From DVD to SVCD and Beyond: Know Your Video Formats

Author James Mash 25.5.2015. | 09:24

You’ve got a lot of video you need to convert, but you don’t understand all of the different formats out there. Fortunately, there are common formats that are widely used, and so you don’t have to learn 100s of different video standards. You only need to master about four.

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VCD

VCD stands for “Video Compact Disc” and it’s a technology that predates Blu-ray and DVD. This video standard encodes both video and audio using MPEG-1. A CD-ROM can hold about 800 megabytes of data, and can play in almost any CD optical drive. It’s also inexpensive to buy CDs that can store this video format.

If you’re a home-user, and you’re looking for a low-cost way to encode and store video, this is an option that will please all but the serious audio and videophiles.

 

SVCD

SVCD stands for Super Video CD, and it’s the next-generation Video CD. SVCD uses an MPEG-2 video stream and MPEG-1 or MPEG-2 for audio encoding. Most SVCDs can be played on a DVD player, but can be recorded on a standard recordable CD drive. While the video quality is much higher on an SVCD, the audio may not be.

If you record something using SVCD, you can get near-DVD quality. However, since the size of the disc is still a mere 800 megabytes, you’re limited as to what can fit on a disc. And, with higher quality comes larger file sizes. All this means that it may take more than double the space to store the same video.

 

DVD

DVD has become the new standard for video. It stands for Digital Versatile Disc. A DVD stores its audio and video in an MPEG-2 format. Because of this, it requires a special DVD player. The benefit of the DVD format is that it can hold a lot more information than a CD or VCD.

So, for example, a two-hour movie that would normally require 2 or more VCDs will easily fit on one DVD. This is an ideal format if you have large video files in excess of 2GBs. What you’ll need is a program like YTD Video Converter to help you convert the video. Just upload the video file into the YTD program and choose the “DVD” option from the menu.

Once it’s converted, you can burn the video to a writable DVD disc. You must have a writable DVD drive in order to burn the information to disc.

DVD

MPEG

The MPEG format is the default compression format for digital TV. However, different countries use different broadcasting standards (sometimes referred to as “picture standards.” These standards differ from country to country.

 

PAL Picture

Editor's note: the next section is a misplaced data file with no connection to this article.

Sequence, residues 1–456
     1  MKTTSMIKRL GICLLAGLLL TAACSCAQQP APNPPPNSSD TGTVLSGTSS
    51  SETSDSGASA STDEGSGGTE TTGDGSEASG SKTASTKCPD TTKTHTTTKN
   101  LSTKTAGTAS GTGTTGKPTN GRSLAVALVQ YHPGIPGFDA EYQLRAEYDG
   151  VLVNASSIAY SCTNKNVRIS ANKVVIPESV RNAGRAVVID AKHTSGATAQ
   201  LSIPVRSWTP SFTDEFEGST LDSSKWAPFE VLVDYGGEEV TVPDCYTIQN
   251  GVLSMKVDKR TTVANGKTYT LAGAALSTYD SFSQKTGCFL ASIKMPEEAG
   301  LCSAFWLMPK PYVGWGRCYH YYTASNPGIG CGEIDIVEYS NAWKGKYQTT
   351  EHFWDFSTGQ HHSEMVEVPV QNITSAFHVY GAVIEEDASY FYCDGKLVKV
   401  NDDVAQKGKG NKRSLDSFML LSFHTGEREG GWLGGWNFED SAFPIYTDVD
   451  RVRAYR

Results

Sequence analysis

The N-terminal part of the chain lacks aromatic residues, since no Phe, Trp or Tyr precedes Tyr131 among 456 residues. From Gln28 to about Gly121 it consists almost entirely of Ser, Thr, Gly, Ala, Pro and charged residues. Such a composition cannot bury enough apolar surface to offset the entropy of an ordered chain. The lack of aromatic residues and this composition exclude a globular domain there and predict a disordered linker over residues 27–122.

PAL, or “Phase Alternating Line”, is the standard introduced in the early 1960s in Europe. It’s used in most of western European countries today, except France. It’s also used in Australia, some countries in Africa and South America, and also some Asian countries.

 

NTSC

The NTSC picture standard is used in the U.S., and was developed in 1953. It’s also used in Canada, Most of the Western Hemisphere, Japan, and a few Asian countries. The major exception to these buth PAL and NTSC picture standards is France, which uses SECAM standards.

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Converting Videos

When you create a video, and then convert it to your desired format, you’ll usually be encoding it in MPEG format. Then, you’ll be burning the audio and video data to the appropriate disc format (i.e. CD or DVD).

MPEG movies start out as raw video footage. You then need DVD authoring software – something like Handbrake or YTD, for example. From there, you must upload the video into the conversion software and then convert it to MPEG-2 format.

If you’re starting with multiple files, it’s going to be a slow process unless your video converter allows for batch processing.

If you’re starting with a CD, and you need to burn video to it, then you need authoring software that can convert videos to MPEG-1 (or possibly MPEG-2 if you’re working with SVCD).

Expect to wait several hours for the conversion process to finish, especially if you’re adjusting the settings for the highest quality. It may be an overnight process.

Once finished, however, your DVD or CD should play in any standard drive. If you run into problems, it may be because you either ran out of disc space, there was an error in the conversion process, or your video cannot be converted to the file format you need.

Make sure you remember to respect intellectual property. And if you are wondering whether it is legal for your to record streaming video for your own personal uses consult a lawyer and read what YTD has to say about that on their webpage.

 


 

This article was written by Megan Holden, a whiz with computers and emerging technology. With an ever-growing passion for the capabilities of tech to enrich everyday lives, she enjoys blogging about the ins and outs of computer systems, file formats, and new devices.

 

Author James Mash 25.5.2015. | 09:24
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